It’s hard to top a successful homegrown business when it comes to bringing out community pride. When it happens to set up shop in the heart of Pictou County as part of this province’s burgeoning craft beer industry it adds another level of interest.
Uncle Leo’s Brewery, which just opened to customers early last summer in Lyons Brook, is adding another stage in its development as it ships out product to a number of select Nova Scotia Liquor Corporation outlets in the province – including New Glasgow. For this outing, it’s a one-time promotion to run to the end of March.
The brews from Uncle Leo’s, since its opening, have been available at the business’s distinctive wooden building in Lyons Brook, which houses both the brewery and a retail area. It’s also on tap as draft at a number of restaurants and pubs, some in the area and in other parts of the province.
Rebecca Whiffen, co-owner of Uncle Leo’s with her husband, Karl, describes this latest venture with wider distribution as a testing of the waters.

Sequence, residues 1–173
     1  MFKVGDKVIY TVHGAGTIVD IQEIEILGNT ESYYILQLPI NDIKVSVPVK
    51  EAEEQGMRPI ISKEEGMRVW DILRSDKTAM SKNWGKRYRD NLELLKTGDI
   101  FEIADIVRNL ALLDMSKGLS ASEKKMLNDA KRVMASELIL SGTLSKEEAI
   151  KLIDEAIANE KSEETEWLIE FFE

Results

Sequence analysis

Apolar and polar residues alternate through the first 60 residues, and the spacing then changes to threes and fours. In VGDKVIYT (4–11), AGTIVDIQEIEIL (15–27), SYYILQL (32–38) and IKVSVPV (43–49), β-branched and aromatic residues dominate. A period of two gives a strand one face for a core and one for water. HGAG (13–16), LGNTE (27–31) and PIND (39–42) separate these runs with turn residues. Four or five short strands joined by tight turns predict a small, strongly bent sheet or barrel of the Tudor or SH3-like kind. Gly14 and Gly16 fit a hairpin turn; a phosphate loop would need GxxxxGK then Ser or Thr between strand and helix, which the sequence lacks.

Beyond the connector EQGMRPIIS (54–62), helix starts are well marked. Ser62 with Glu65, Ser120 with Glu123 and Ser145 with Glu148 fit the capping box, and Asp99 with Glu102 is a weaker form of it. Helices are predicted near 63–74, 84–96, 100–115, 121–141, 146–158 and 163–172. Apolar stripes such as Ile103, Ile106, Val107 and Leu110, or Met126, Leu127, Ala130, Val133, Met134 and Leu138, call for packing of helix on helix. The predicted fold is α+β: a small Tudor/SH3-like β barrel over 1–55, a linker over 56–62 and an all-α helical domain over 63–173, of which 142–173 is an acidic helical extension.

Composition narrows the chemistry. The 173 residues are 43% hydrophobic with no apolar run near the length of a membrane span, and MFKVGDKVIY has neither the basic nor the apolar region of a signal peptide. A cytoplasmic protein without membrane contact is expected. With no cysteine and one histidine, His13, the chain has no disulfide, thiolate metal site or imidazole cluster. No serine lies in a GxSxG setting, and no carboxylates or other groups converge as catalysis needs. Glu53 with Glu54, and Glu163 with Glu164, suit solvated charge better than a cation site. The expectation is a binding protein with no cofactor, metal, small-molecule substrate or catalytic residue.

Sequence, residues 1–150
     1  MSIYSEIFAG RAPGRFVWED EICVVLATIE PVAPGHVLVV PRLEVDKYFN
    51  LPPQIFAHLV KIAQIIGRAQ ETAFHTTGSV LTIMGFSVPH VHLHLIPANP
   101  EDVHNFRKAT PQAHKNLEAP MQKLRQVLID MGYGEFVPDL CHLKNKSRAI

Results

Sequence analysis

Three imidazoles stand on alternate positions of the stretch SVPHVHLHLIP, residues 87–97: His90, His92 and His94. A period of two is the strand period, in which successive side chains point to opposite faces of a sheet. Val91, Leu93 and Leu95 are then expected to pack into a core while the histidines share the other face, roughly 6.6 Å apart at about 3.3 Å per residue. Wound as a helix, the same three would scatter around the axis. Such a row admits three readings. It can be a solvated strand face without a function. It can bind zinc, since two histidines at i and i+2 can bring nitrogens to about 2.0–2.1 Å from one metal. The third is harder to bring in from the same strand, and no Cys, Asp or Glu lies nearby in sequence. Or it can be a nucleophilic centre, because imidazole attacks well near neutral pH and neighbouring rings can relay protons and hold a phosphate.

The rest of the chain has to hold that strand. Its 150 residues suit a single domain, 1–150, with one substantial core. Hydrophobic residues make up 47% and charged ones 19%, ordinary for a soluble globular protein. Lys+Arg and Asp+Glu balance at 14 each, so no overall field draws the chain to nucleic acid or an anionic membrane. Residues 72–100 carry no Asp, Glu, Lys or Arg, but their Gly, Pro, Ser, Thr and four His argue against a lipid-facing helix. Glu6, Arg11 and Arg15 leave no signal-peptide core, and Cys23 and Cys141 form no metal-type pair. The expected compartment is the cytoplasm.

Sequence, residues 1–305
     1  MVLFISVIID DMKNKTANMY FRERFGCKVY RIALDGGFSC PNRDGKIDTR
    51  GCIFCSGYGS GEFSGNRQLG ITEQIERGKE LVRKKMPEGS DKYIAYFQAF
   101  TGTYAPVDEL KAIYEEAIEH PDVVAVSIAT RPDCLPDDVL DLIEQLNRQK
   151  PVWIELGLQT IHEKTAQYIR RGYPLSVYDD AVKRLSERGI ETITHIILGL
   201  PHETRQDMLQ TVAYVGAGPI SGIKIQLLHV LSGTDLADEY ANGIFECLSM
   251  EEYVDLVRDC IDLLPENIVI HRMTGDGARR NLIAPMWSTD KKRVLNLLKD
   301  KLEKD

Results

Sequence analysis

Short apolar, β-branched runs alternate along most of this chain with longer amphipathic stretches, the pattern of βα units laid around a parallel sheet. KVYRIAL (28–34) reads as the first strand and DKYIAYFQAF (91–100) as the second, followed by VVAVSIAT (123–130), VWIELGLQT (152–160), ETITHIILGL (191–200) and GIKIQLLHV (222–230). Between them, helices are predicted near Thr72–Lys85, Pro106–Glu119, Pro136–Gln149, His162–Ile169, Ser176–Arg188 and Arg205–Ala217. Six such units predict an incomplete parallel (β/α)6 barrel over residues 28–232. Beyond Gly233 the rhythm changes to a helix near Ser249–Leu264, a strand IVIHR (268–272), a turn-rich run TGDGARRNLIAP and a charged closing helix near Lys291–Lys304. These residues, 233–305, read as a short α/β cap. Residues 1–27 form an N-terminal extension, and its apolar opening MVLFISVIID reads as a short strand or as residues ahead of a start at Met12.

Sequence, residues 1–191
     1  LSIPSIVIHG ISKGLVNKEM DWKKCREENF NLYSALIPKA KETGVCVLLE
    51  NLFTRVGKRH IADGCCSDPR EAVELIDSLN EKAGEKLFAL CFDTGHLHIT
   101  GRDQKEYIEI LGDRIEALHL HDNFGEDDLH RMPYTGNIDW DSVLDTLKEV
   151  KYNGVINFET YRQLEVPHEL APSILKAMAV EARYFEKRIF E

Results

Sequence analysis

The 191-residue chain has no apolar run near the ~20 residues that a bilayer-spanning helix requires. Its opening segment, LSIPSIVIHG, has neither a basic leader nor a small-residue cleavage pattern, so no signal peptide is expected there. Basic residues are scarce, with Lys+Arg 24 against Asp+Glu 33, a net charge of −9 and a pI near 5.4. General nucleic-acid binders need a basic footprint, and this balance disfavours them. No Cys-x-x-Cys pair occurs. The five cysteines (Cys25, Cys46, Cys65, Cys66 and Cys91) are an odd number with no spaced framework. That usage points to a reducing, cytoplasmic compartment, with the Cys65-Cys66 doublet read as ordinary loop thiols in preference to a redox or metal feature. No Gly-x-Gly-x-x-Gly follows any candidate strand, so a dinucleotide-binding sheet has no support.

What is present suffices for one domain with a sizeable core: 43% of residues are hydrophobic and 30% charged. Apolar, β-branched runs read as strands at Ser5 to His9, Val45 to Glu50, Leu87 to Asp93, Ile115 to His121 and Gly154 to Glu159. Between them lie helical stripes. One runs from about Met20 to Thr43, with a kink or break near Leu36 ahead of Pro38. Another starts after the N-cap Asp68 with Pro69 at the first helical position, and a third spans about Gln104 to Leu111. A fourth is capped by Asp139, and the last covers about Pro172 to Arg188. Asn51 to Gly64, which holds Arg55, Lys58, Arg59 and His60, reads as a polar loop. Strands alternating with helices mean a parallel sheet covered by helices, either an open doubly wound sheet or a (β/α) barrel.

Considering the reception so far, the test should prove positive. When Uncle Leo’s opened for business late last June, local fans of craft brew kept up a steady line to get through the door throughout the weekend. It was an optimistic sign for the owners – in a business that’s seen a number of new microbreweries starting up around the province in recent years. These operations brew in small batches and specialize in varieties drawing on distinctive styles of brewing from around the world. It’s a grand departure from any homogenized approach to beer making – and an interesting education for the palate.
This is what small business with its economy-driving dynamics is all about, and it’s encouraging to witness success and increasing interest. Identify a product that’s a little bit different, a growing trend with potential customers eager to educate themselves. It’s good to have an entry in the market that can make a splash in rural Nova Scotia.